What you need to know about finding finance in the initial stages of your business.
The early stages of a business are crucial to its success. Whether you're experimenting with business branding, pushing campaigns to increase customers or still working on your product, your cash flow is likely to be uncertain and you're probably in the market for business funding.
In this guide...
Business Guide 2:
When is a business in its early stages?
This varies for each business, but it's usually constrained to the first year of operation. You may be expanding quickly or you might be experiencing problems that have made your growth stagnate. Either way, your product or service is a fully formed idea and you are trying to make it work.
Funding needs that are common in an early stage business
Businesses in early stages have financing needs that are different to businesses in later stages and even different from startups. They tend to need finance that has:
- Flexibility. There is a lot of change in early stage businesses and you want the financing you have to keep up with those changes. Loans that are flexible with repayments, loan amounts and provide easy account management are ideal for businesses in early stages.
- A range of loan amounts. Each business will have specific needs, so a range of funding amounts will be beneficial to early stage businesses so they can borrow as much as they need.
- The option to be ongoing. While early stage businesses may only see the funding needs immediately in front of them, business needs change quickly. The option to increase or extend funding is important.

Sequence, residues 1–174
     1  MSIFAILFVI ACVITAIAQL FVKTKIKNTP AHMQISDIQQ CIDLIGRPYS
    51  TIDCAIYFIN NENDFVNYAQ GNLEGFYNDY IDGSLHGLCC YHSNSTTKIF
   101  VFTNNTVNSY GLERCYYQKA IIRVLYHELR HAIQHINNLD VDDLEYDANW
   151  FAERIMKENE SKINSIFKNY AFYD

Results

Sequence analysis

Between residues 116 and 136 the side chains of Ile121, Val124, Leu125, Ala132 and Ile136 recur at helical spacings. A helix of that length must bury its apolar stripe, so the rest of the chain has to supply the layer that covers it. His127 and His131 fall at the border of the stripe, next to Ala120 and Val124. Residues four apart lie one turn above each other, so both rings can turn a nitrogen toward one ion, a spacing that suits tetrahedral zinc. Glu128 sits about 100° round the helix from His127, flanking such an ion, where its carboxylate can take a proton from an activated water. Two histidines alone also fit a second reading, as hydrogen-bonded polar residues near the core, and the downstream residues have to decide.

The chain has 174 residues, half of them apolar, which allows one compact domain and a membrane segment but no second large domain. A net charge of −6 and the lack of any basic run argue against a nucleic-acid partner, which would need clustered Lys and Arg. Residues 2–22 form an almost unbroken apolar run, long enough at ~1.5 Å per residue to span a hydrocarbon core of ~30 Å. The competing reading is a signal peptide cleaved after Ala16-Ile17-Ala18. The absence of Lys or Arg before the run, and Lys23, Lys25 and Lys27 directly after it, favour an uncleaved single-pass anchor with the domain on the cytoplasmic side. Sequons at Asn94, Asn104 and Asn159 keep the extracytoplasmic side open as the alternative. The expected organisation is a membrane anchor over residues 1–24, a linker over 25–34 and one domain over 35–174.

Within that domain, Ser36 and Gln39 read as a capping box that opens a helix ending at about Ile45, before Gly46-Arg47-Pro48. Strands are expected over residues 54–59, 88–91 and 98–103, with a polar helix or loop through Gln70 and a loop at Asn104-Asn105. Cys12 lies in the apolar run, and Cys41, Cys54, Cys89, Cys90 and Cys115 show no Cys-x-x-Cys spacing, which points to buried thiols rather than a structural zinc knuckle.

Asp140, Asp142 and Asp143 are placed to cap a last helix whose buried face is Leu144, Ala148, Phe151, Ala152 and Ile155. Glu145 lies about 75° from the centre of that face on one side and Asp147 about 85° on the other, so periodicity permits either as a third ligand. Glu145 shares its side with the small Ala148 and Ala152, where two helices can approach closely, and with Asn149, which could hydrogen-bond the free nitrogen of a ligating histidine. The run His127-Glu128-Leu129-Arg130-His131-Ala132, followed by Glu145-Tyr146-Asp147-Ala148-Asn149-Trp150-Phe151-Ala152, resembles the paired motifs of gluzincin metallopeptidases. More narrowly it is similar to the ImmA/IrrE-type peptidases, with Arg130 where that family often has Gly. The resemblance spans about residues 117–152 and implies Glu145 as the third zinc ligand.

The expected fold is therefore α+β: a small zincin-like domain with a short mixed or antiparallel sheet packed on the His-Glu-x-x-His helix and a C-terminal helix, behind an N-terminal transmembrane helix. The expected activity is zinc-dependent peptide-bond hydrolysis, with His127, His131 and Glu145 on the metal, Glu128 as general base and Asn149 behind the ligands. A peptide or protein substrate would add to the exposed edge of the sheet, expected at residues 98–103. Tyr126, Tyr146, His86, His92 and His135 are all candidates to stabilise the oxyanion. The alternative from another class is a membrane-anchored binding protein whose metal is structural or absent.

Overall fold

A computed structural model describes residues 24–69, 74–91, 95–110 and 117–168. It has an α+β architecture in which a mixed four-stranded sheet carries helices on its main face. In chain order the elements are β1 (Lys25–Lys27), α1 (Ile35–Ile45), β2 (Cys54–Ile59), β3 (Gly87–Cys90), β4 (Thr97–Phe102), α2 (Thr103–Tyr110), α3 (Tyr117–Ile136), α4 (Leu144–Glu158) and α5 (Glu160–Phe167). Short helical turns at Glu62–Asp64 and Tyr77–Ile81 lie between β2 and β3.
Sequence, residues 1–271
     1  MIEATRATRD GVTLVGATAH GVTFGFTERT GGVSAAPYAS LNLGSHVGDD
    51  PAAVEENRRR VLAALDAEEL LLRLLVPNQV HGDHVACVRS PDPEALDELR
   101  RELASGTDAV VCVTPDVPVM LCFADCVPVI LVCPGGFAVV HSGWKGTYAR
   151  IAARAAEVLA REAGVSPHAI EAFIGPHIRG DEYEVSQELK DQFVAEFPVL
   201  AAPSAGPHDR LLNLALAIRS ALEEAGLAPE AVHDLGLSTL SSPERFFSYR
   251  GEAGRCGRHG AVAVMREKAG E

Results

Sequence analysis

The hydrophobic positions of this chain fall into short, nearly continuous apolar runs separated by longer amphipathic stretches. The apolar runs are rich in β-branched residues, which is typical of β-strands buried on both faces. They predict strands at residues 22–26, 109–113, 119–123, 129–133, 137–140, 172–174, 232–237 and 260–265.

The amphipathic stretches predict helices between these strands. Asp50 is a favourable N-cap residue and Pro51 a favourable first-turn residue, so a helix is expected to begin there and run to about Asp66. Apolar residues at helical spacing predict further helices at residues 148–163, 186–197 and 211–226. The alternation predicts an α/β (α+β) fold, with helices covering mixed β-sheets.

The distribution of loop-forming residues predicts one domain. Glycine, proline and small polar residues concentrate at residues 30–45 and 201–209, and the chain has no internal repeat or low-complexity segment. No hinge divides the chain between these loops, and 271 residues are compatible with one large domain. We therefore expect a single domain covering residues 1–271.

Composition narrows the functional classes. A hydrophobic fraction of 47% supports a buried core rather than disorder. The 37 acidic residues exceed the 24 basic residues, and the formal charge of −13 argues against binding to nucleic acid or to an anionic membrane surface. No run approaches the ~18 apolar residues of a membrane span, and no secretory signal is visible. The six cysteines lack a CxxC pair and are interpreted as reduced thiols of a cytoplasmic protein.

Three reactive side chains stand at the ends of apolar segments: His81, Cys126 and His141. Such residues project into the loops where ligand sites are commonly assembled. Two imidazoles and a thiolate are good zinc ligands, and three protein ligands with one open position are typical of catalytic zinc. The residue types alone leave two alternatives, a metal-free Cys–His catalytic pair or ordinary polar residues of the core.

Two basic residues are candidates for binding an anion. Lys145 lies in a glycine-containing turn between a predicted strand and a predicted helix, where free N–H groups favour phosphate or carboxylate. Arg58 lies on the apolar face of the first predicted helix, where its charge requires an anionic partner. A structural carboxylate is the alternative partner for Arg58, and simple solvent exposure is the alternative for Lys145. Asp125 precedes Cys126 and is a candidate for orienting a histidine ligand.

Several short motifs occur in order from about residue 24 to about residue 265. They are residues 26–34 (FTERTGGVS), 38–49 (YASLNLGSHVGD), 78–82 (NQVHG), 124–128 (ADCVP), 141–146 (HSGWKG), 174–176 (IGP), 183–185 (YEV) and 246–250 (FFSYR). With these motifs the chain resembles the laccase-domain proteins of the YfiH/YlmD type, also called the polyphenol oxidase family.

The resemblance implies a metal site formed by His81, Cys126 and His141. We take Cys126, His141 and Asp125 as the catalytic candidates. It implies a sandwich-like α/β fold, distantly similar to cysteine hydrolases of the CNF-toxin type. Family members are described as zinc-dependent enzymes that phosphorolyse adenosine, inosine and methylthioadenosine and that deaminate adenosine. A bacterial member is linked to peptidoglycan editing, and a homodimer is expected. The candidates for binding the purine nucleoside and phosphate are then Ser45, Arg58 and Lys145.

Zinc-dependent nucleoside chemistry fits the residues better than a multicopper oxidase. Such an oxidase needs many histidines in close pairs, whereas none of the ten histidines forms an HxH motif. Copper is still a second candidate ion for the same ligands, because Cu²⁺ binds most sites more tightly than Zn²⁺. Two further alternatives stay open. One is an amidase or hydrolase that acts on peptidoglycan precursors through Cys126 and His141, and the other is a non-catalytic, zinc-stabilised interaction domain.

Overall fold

What types of finance are available?
There are three main types of funding: debt, equity or internal funds. Debt involves borrowing money from a business lender, equity finance is provided by an owner or investor, and internal funds are derived from cash flow or profits.
In a business's early stages, internal funds are harder to come by. This leaves you with a choice between debt and equity finance.
|Features||Debt finance||Equity finance|
|Where to find it|
|How much you can borrow||Business loans usually range from $1,000 to $1,000,000||It could be hundreds or millions of dollars, depending on the source|
|How it's repaid||You make regular repayments to repay the debt. Terms differ depending on the lender||It isn't repaid, but the financiers may then own a part of the business or take part in decision-making|
Useful guides for early stage businesses
How to compare early stage business loans
Once you start looking through the financing options that are available to you, you'll realise just how much choice you have. Here is how to compare your options to find the right finance:
- How much can you borrow? Lenders usually offer loan amounts for between $1,000 and $1,000,000 (only a few outlying lenders offer the latter). However, each lender will come with a minimum and maximum borrowing amount and you need to ensure the amount you need falls within that range.
- What will your repayments be? While it's easy to compare rates, the competitiveness of a business loan comes down to how much you pay each month. Work out your ongoing repayments to see if the loan is competitive and whether your business can manage the repayments.